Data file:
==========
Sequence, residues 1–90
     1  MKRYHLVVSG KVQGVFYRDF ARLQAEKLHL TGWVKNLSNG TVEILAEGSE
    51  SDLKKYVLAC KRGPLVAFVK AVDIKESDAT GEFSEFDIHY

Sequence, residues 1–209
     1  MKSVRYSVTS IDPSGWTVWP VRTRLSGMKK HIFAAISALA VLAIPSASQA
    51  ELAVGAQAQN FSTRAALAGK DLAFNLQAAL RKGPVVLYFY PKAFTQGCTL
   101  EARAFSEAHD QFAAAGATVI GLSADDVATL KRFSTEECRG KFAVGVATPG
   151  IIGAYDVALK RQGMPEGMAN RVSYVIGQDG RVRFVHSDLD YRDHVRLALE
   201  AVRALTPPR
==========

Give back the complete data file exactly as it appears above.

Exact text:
Sequence, residues 1–90
     1  MKRYHLVVSG KVQGVFYRDF ARLQAEKLHL TGWVKNLSNG TVEILAEGSE
    51  SDLKKYVLAC KRGPLVAFVK AVDIKESDAT GEFSEFDIHY

Sequence, residues 1–209
     1  MKSVRYSVTS IDPSGWTVWP VRTRLSGMKK HIFAAISALA VLAIPSASQA
    51  ELAVGAQAQN FSTRAALAGK DLAFNLQAAL RKGPVVLYFY PKAFTQGCTL
   101  EARAFSEAHD QFAAAGATVI GLSADDVATL KRFSTEECRG KFAVGVATPG
   151  IIGAYDVALK RQGMPEGMAN RVSYVIGQDG RVRFVHSDLD YRDHVRLALE
   201  AVRALTPPR